Today is Nelson Mandela’s 95th birthday, and I along with millions of others wish him a very happy birthday.
While Mr Mandela is in hospital the world waits for news of his health and though for many it is hard to consider, his death. Some will have news alerts delivered to their email letting them know when there is new news about Mr Mandela, others will be watching Twitter, Reddit and other news websites for updates.
I remember the day Mr Mandela was sworn in a the President of South Africa. I know exactly where I was when he took the oath of office. I was on a bus on my way to Kettering in the English midlands, for my fortnightly visit to sign on for the dole. I was listening on a walkman to the BBC broadcasting the ceremony to the world. I also remember crying on the bus and people staring at me. I remember me explaining why I was crying. I also remember the explanation didn’t help ad the other passengers still stared at my like I was a crazy lady.
Since the colour broadcast of the Queen’s coronation, which let ordinary people into a previously closed and relatively private ceremony. The world now demands access to just about everything. Journalists are camped outside the hospital where the Kate, the Duschess of Cambridge will give birth to the next king or queen of England (and the Commonwealth) so they can broadcast live updates to their audiences.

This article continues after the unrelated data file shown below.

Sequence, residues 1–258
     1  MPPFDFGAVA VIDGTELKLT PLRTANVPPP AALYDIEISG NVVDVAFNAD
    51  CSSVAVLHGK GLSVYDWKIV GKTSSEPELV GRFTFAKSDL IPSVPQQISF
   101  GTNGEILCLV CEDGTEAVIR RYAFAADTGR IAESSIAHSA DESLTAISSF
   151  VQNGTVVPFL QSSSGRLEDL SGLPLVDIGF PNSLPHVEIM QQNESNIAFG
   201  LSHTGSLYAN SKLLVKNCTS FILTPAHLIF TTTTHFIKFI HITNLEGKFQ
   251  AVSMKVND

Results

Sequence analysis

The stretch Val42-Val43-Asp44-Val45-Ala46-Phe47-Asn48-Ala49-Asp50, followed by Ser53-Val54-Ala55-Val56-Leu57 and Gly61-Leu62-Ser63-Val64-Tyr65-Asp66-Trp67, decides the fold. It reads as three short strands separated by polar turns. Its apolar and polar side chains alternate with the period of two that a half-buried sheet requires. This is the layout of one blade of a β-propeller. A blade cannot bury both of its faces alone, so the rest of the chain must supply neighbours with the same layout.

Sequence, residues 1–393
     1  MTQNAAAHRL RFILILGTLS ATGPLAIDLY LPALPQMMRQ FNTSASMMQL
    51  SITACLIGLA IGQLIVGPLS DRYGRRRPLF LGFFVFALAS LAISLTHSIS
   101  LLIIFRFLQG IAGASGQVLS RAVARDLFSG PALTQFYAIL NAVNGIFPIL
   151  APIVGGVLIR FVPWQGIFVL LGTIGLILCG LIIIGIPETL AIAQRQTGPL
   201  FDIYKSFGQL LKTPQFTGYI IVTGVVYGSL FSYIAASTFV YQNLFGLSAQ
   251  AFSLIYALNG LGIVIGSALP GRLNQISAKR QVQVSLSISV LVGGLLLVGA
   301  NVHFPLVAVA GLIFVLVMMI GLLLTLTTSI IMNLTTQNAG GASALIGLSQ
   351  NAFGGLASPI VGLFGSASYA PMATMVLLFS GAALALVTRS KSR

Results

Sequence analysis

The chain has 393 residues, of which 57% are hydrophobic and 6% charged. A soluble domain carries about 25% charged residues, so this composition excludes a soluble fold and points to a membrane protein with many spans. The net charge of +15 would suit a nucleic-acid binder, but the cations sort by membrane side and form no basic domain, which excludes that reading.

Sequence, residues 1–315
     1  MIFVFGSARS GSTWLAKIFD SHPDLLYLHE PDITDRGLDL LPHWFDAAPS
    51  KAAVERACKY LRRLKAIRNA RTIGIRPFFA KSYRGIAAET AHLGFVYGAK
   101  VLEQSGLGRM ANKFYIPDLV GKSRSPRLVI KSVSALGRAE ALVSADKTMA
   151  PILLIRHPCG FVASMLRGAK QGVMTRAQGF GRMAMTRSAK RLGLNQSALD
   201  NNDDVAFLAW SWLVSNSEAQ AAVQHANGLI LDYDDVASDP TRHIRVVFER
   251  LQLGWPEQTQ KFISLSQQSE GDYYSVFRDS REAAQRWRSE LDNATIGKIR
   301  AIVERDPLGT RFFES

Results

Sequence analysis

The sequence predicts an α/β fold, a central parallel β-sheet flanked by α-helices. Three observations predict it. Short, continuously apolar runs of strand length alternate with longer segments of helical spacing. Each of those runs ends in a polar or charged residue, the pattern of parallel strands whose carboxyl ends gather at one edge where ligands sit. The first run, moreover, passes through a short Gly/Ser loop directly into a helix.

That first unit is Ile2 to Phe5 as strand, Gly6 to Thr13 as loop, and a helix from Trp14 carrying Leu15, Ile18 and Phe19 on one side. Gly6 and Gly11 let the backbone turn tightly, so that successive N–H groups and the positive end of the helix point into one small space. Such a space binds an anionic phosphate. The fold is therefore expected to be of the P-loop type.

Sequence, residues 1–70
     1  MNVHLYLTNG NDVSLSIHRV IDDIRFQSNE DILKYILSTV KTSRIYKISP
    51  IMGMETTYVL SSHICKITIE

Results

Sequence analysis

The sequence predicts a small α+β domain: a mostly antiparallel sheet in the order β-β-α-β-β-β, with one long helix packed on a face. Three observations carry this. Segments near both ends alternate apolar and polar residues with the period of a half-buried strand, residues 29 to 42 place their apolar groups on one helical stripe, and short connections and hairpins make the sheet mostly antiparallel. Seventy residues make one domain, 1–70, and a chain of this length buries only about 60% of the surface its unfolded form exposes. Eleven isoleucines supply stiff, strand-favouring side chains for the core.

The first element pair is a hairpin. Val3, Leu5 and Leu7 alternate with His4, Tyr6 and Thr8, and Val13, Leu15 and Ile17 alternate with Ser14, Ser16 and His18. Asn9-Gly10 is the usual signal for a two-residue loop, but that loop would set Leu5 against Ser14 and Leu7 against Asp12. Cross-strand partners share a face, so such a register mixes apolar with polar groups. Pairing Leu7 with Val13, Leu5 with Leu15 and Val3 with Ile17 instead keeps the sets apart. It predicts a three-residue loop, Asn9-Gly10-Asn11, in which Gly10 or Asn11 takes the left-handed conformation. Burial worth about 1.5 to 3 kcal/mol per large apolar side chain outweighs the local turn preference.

Worldwide audiences expect their news to be live, instant and in their pocket. We have moved from the wireless, to colour television, portable radios and now to the internet in our pockets. We have access to the good, the bad and the wonderful.
This instant news can have it’s draw backs with many cases of journalists being caught out by fake news stories circulating on the internet, so remember just because it is online doesn’t mean it is true.
Whether it is news of a disaster, a royal baby or the death of a much loved man, the future will not be televised it will be shared online.